Total of £1,850 in fines for road or bridge weight limit flouters and overloaded vehicle offenders

Dean Locke, of Albert Drive, Wilenhall and Stanley Horne, of Ireby Road, Ireby, both admitted breaching the 7.5-tonne weight restriction at the B4009 in Watlington after being reported to Trading Standards by local residents.

Locke, 33, committed the offence on 26 March this year and Horne, 59, did so a day later. Both were driving 18-tonne lorries and were each fined £250 and were ordered to pay £130 costs each and £25 victim surcharges.

Driver was spotted by a Trading Standards patrol

A Trading Standards enforcement officer spotted Alan Moss, 55, driving his 18-tonne lorry past the 7.5-tonne weak bridge weight restriction at Forest Road, Charlbury on 8 May 2014. Moss, of Sapphire Close, Tuffley, admitted the offence.

Corbett Joseph, of The Close, Marlborough, pleaded guilty to breaching the 7.5-tonne weight restriction on 3 April 2014 at Haseley Road, Little Milton. The 56-year-old, who was driving a 26-tonne heavy goods vehicle, was reported to Trading Standards by a local resident.

Moss and Joseph were both given £250 fines and were told to pay £130 costs and a £25 victim surcharge each.

Overloaded by nearly a third

Stephen McGarry, 43, of Corte Crescent, Calne, was found guilty of using a vehicle and trailer that combined weighed 1,540kg - 30.8% over that permitted by the manufacturer's plate, on Woodstock Road, Yarnton, on 20 March this year. He received a £500 fine and was ordered to pay £130 costs and a £50 victim surcharge.

Leonard Stevens, of Sambourne Park, Minety, and Jack Messenger, of Bowling Green Road, Cirencester, admitted using a vehicle in Marcham Road, Abingdon on 11 April this year whose gross weight was 290kg over that permitted by the manufacturer and to exceeding the manufacturer's axle weight limit by 220kg.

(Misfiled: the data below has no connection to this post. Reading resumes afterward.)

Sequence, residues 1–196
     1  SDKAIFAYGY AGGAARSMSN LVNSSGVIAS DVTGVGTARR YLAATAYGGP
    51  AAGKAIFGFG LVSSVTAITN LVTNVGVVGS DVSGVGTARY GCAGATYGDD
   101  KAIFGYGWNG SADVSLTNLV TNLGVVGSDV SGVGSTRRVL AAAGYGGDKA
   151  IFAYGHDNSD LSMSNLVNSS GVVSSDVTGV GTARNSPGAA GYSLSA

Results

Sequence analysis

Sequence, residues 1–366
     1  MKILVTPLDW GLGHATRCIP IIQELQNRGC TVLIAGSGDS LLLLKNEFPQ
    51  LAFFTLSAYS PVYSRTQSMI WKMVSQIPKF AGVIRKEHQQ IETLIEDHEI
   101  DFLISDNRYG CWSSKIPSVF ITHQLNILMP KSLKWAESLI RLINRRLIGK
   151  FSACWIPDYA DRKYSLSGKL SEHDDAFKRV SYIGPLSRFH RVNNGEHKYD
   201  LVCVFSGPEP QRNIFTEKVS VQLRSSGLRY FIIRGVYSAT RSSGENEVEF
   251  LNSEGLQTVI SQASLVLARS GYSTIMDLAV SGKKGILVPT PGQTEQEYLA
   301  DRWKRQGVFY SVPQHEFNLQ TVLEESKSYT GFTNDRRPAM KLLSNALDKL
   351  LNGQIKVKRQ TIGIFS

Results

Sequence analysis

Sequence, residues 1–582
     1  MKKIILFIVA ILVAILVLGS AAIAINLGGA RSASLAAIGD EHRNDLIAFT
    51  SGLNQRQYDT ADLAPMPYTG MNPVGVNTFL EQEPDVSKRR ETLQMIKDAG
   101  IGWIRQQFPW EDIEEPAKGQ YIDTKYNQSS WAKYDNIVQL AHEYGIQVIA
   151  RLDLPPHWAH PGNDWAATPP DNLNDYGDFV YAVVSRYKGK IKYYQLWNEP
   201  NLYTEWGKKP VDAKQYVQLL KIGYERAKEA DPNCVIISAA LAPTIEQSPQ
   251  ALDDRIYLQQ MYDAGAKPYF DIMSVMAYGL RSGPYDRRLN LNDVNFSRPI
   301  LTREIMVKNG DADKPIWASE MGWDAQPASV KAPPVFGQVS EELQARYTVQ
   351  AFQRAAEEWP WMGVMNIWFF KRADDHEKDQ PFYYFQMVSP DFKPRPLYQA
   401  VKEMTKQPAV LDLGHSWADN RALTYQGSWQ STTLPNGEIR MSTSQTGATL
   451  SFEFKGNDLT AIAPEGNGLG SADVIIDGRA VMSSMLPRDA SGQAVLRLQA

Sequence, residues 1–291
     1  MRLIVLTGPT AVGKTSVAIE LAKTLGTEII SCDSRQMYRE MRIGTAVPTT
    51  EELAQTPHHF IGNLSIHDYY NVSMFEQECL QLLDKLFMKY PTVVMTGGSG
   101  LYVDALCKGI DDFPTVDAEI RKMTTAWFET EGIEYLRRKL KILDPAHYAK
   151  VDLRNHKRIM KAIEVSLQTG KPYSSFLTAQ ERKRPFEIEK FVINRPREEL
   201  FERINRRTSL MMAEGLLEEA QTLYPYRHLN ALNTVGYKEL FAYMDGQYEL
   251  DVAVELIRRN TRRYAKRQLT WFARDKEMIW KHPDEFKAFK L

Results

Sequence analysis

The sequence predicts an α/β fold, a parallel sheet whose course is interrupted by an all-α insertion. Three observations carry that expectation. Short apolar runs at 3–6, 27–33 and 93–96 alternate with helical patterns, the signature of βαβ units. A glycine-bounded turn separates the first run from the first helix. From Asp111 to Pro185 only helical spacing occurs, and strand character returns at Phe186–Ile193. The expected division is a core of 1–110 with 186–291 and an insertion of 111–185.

Stevens, the 56-year-old owner of Admiral Roofing UK, the business responsible, was fined £200 for the first offence and was told to pay £130 costs.

Messenger, 25, who was the driver, was handed a £150 fine for the first offence and was ordered to pay £80 costs. Both were ordered to pay £20 victim surcharges and each received no penalty for the axle overload offence.

The overloaded vehicles were escorted to a weighbridge after being seen by officers who suspected that the vehicles were too heavy for legal road use.

The breach of road weight restriction charges faced by the four drivers were based on the maximum permitted weight of the lorries in question rather than their actual weight.

All of the cases were dealt with at Oxford Magistrates' Court on Monday 17 November.

Putting other road users at risk

Richard Wightman, Environmental Protection Unit Team Leader for Oxfordshire County Council's Trading Standards team, said: "Weight restrictions are there for very good reasons either to protect bridges that have become structurally weakened or because the use of particular roads by heavy goods vehicles is not suitable.

"It may be tempting for drivers to ignore such regulations for a short-cut, but by doing so they are potentially putting other road users or roads and bridges at risk.

"Driving an overloaded vehicle can invalidate insurance cover and also could increase braking distances. It can also create an unfair trading advantage and cause excessive wear and damage to roads and bridges.

"This type of enforcement supports local communities as it targets those who ignore the rules and regulations which the vast majority of road users, including local businesses, adhere to."

Fines to act as a deterrent

Councillor Rodney Rose, the Deputy Leader of Oxfordshire County Council, who has Cabinet responsibility for Trading Standards, said: "This is another great result for our Trading Standards team - those who choose to flout road weight limit and vehicle weight limit regulations are committing irresponsible acts and I hope that the fines given on this occasion act as a deterrent to others."

Anybody wanting to report a vehicle they think has flouted a road weight can limit can report their concerns to Oxfordshire County Council's Trading Standards team via this link.